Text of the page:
Jane’s Intelligence Review published a report revealing that Russia secretly tested its Yu-71 hypersonic glide vehicle (HGV) from an SS-19 missile in February of this year. And, according to a new report, Russia plans to build 24 nuclear-capable hypersonic missiles over the next decade to protect its territories and people from enemy attacks. A test launch from the Dombarovsky missile division site in February 2015 suggests that Russia is actively pursuing the development of a hypersonic glide vehicle that could potentially expand the long-range strike capabilities of its Strategic Rocket Forces,

The report indicates that by the time Russia’s Yu-71 hypersonic missile enters into service, Moscow may also have its new Sarmat intercontinental ballistic missile to launch it from. The Sarmat is a liquid-fuel ICBM that is able to carry multiple warheads. It suspects that PAK-DA, the next-generation strategic bomber Russia is currently developing, will also be able to fire hypersonic missiles. That being said, the tremendous speed of hypersonic missiles makes them better suited for land-based missiles.

Russia appears to be considering the option of deploying its hypersonic system in a nuclear, as well as conventional, configuration. Unlike America’s conventional global prompt strike (CGPS) program, Russia is developing its hypersonic missiles with nuclear warheads in mind. Along with countries like China and the United States, Russia’s been developing hypersonic missiles in recent years under its Project 4202. The Yu-71 missile is expected to reach 11,200 kilometers per hour (7,000 miles per hour) and is extremely maneuverable. The maneuverability of hypersonic missiles allows the projectiles to skirt most missile defense systems, which are aimed at targeting the predictable trajectories of ballistic missiles.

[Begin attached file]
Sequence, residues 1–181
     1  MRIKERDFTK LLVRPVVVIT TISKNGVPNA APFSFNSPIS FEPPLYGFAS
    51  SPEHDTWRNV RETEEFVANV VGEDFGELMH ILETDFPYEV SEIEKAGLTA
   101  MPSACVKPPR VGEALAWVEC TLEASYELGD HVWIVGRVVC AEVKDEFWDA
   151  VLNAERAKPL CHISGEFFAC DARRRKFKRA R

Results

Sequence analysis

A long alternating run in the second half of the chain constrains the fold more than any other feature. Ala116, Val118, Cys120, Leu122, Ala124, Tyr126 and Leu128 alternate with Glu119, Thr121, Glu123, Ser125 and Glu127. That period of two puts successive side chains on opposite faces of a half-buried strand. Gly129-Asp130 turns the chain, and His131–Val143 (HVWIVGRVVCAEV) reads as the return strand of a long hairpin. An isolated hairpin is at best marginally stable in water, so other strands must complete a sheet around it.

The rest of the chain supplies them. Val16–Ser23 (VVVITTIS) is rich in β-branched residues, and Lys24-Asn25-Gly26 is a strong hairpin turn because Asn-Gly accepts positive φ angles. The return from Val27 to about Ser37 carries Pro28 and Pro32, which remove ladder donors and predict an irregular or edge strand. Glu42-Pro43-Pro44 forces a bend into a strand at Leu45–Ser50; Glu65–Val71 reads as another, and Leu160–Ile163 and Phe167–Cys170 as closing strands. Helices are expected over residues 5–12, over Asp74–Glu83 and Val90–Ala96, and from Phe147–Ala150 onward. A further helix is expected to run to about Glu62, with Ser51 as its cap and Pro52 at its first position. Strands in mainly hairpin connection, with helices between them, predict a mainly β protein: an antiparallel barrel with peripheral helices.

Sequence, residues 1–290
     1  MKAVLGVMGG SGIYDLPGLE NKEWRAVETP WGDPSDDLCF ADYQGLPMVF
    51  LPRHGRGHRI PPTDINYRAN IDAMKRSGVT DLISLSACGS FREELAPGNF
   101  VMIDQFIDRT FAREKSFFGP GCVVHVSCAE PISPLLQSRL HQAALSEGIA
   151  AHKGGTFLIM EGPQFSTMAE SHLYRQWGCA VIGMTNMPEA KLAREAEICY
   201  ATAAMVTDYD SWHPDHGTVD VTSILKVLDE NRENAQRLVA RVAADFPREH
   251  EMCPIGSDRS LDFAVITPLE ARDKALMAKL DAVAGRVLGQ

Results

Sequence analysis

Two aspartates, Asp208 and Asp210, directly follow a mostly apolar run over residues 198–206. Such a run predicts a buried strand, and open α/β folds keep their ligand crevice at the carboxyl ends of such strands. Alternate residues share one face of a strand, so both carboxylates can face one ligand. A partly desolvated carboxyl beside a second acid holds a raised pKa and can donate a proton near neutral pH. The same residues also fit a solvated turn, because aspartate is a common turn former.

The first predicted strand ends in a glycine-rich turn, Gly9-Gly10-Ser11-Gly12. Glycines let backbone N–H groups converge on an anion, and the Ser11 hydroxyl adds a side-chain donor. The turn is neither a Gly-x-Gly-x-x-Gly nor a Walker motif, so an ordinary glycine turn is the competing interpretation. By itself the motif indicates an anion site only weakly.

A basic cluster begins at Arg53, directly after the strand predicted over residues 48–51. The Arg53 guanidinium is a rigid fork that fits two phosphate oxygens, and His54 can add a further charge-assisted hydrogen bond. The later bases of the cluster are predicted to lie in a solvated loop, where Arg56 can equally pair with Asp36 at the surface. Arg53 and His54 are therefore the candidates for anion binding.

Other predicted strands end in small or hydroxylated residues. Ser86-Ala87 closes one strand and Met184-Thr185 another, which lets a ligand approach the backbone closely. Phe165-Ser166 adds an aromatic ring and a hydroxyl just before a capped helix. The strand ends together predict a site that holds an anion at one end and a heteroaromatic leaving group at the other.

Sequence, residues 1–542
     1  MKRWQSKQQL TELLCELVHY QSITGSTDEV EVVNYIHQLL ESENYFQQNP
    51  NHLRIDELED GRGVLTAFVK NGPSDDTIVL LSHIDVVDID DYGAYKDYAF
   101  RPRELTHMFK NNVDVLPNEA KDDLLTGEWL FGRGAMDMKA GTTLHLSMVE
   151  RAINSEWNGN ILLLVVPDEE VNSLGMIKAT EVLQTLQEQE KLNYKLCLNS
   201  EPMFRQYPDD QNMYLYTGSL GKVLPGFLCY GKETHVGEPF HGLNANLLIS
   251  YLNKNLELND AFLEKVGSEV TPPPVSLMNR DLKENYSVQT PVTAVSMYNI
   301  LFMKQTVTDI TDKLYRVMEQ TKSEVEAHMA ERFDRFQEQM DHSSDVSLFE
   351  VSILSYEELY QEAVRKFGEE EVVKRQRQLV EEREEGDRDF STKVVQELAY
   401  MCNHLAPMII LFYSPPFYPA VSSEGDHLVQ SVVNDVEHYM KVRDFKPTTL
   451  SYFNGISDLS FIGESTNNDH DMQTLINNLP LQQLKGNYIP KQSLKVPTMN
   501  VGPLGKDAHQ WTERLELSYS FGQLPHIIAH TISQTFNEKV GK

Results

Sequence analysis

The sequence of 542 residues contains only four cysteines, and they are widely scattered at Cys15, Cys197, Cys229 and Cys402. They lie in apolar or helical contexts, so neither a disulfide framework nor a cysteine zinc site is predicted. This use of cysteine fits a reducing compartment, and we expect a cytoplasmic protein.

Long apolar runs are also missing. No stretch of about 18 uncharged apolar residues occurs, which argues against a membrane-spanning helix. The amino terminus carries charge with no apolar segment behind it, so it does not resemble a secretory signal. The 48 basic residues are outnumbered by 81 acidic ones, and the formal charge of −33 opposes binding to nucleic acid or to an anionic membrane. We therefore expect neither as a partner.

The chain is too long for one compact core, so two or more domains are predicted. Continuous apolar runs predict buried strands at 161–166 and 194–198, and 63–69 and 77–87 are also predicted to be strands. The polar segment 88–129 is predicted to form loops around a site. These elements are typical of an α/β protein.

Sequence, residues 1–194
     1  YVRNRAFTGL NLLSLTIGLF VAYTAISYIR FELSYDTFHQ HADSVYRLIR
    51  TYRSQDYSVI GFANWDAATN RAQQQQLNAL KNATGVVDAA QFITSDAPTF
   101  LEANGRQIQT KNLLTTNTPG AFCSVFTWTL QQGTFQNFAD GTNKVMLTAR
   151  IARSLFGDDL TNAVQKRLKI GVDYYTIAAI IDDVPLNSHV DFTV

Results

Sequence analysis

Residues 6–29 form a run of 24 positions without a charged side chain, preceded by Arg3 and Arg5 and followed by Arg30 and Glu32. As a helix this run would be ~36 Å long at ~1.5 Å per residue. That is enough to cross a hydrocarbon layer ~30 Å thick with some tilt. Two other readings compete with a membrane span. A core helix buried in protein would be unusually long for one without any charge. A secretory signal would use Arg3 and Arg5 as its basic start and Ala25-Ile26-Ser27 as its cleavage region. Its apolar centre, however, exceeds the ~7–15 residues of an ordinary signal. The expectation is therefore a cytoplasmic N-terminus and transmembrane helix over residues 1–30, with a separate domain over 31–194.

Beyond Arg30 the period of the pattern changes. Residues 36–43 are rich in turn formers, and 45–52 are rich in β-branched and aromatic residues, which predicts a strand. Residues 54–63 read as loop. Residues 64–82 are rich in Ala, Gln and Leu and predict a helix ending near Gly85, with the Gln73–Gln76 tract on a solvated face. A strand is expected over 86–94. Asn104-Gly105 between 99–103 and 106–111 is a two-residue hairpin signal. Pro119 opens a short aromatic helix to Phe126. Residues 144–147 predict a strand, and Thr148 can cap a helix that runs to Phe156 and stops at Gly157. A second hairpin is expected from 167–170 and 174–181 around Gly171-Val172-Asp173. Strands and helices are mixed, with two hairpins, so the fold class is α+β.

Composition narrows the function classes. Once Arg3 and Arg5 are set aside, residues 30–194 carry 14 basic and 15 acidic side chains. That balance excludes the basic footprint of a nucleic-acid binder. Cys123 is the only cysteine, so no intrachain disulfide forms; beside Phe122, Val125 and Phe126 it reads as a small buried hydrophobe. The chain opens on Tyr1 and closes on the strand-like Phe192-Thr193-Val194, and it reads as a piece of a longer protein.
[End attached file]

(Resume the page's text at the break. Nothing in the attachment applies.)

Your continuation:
Moscow has repeatedly expressed concern over NATO encirclement of Russia and that NATO missile defense systems threaten its strategic nuclear forces. As such, it makes sense that Moscow would equip its hypersonic missiles with nuclear warheads, maybe even before 2020 – its own deadline for the commissioning of the ultra precision missiles.

MAD: mutually assured destruction (Rev 16)